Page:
TEXAS - Fabio Quartararo will get the chance to move another big stride forward in his bid to become France's first ever MotoGP world champion when he sets off for the Grand Prix of the Americas in Austin, Texas this weekend.
The 22-year-old Yamaha rider has won five races this season and heads to Texas with a 48-point lead over Ducati's Francesco Bagnaia who has won the last two races.
With each race worth 25 points to the winner, and only three more to come after Texas, Quartararo will be eager arrest the Italian's charge and put some more points into that gap.
To avoid putting pressure on himself Quartararo admitted that that he has "decided not to think about the championship".
"At the start of the year, I said to myself, whether or not I'm fighting for the title, I want to win races," he said. "I want it to continue like this."
On paper, the Circuit of the Americas may favour the Ducatis, who can use their engine power in the long 1.2-kilometre straight.
Bagnaia is certainly 'hot' going into the race having won in Aragon and Misano, while Quartararo could only manage eighth and second.
"It will be crucial to be consistent and score as many points as possible," said Bagnaia.
Suzuki's Joan Mir is third in the championship, 67 points away from the lead and effectively needs a victory to keep alive his slender hopes of defending his championship title.
Fellow Frenchman Johann Zarco, who is 93 points back, and the Australian Jack Miller (94) are mathematically still in the title race but something would have to go very wrong for Quartararo in Texas for these two still to be interested after Sunday.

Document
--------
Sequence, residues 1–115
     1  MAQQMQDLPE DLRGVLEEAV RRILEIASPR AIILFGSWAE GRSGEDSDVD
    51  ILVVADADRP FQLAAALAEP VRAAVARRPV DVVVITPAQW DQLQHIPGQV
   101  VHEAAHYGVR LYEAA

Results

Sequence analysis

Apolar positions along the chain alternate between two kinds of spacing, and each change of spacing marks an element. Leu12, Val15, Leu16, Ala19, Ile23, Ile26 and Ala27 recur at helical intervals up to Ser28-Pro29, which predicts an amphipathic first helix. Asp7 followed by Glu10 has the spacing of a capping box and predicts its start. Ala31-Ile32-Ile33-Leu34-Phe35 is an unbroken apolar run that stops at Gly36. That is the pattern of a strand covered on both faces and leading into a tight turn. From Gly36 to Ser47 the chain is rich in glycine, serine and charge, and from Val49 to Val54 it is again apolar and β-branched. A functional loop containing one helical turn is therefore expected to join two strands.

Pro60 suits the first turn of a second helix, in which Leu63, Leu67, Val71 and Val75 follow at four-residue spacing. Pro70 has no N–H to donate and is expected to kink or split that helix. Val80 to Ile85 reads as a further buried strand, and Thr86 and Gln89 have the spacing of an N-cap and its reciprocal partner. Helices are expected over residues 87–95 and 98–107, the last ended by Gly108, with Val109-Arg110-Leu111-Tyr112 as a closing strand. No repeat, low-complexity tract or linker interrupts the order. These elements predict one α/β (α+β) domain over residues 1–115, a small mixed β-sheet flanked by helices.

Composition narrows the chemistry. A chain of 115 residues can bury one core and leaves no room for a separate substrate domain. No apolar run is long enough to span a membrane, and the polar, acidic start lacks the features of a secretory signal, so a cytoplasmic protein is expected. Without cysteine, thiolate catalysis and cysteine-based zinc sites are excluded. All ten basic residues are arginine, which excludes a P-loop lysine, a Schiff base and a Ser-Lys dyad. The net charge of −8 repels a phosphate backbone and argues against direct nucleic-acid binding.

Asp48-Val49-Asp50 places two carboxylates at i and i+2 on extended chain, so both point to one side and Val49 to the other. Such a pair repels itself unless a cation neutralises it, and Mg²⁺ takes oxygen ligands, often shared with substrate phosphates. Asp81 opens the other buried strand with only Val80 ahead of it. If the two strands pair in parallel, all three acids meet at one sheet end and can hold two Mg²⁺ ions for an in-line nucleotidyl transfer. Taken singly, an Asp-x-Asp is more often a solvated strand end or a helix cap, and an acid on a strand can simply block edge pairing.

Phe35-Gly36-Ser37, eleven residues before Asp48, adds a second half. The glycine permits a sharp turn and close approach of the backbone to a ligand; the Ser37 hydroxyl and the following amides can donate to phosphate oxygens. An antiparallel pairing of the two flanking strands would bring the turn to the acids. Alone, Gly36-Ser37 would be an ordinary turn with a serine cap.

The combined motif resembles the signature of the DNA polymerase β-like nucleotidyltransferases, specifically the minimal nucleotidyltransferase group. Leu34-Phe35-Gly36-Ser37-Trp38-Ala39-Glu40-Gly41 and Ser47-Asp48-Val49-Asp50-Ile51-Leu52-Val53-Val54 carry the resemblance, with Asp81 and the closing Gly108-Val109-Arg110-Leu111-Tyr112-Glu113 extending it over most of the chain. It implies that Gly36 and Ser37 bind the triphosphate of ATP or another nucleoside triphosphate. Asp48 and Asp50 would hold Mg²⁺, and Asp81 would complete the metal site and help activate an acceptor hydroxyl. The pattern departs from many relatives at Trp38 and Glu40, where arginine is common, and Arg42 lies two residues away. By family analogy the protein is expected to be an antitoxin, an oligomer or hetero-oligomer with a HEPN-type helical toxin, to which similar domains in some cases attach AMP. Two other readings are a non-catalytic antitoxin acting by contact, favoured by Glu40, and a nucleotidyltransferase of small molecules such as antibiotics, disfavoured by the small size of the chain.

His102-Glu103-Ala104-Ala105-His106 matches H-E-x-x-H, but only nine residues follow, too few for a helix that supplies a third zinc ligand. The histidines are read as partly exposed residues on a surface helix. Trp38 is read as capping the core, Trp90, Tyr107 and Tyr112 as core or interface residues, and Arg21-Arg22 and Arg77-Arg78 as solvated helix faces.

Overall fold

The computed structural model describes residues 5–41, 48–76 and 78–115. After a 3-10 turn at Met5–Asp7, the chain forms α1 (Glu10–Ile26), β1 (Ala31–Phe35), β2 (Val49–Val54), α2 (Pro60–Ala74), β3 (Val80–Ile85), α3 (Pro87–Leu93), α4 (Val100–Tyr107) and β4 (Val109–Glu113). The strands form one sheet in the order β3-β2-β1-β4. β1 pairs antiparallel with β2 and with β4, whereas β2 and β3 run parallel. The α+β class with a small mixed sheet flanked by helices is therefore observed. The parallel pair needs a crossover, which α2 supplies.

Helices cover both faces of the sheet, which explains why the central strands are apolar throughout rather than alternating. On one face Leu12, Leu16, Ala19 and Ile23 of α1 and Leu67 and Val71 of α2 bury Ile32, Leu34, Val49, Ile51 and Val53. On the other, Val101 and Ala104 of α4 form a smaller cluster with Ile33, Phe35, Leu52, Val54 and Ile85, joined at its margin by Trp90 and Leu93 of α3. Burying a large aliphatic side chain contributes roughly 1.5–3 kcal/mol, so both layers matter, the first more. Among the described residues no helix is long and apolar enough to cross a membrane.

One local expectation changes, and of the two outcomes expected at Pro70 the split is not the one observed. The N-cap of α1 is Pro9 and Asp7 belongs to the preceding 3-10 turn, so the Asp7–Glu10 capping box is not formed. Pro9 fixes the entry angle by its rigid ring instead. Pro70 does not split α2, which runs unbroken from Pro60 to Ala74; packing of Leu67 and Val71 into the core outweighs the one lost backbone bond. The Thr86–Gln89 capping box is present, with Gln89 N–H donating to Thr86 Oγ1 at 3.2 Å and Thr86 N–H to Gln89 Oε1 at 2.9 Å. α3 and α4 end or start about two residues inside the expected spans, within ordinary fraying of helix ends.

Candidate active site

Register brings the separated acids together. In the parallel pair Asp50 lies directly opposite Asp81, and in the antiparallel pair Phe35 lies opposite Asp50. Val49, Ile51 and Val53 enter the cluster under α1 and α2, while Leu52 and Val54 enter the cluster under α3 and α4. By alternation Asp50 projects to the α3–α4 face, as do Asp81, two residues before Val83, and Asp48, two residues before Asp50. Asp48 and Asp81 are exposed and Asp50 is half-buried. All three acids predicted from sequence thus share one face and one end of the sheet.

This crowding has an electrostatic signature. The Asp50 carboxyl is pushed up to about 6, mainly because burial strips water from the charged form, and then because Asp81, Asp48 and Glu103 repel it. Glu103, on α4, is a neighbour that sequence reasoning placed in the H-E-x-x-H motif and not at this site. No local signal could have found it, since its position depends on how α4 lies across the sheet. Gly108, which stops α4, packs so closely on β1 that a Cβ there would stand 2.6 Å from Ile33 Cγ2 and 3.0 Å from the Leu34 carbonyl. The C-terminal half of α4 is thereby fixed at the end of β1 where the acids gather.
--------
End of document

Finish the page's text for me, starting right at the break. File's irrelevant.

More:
A greater threat on the day is more likely to be six-time world champion Marc Marquez.
The Honda rider, who is still feeling his way back to full fitness after a debilitating crash last season, has won six times out of seven in Texas since the first edition in 2013.
On circuits which turn anti-clockwise, Marquez has always been almost unbeatable.
And even though he is not yet back to 100 percent since his serious accident last year, his right arm injury is less of a handicap when it comes to turning mainly to the left.
The proof of that lies in his results. On the two anti-clockwise tracks visited this season, he won in Germany and finished second in Aragon.
One man who will be missing from the GP of the Americas, which was cancelled last year because of Covid-19, is Maverick Vinales whose 15-year-old cousin Dean Berta Vinales was killed in a race in Jerez on Saturday.
"Less than a week has passed since the accident involving Dean Berta Vinales, Vinales' younger cousin, which is not enough time to regain the serenity needed to race," his Aprilia team said in a statement.
"Vinales, with the full and unconditional support of Aprilia Racing, has therefore decided to take a break."
In Moto2, Australian Remy Gardner (Kalex) is 34 points ahead of his teammate Raul Fernandez but the latter has won the last two races.
In Moto3, the Spanish rookie Pedro Acosta (KTM), who dominated the start of the season, still has a comfortable cushion of 42 points ahead of the Italian Dennis Foggia (Honda) who has won the last two GPs.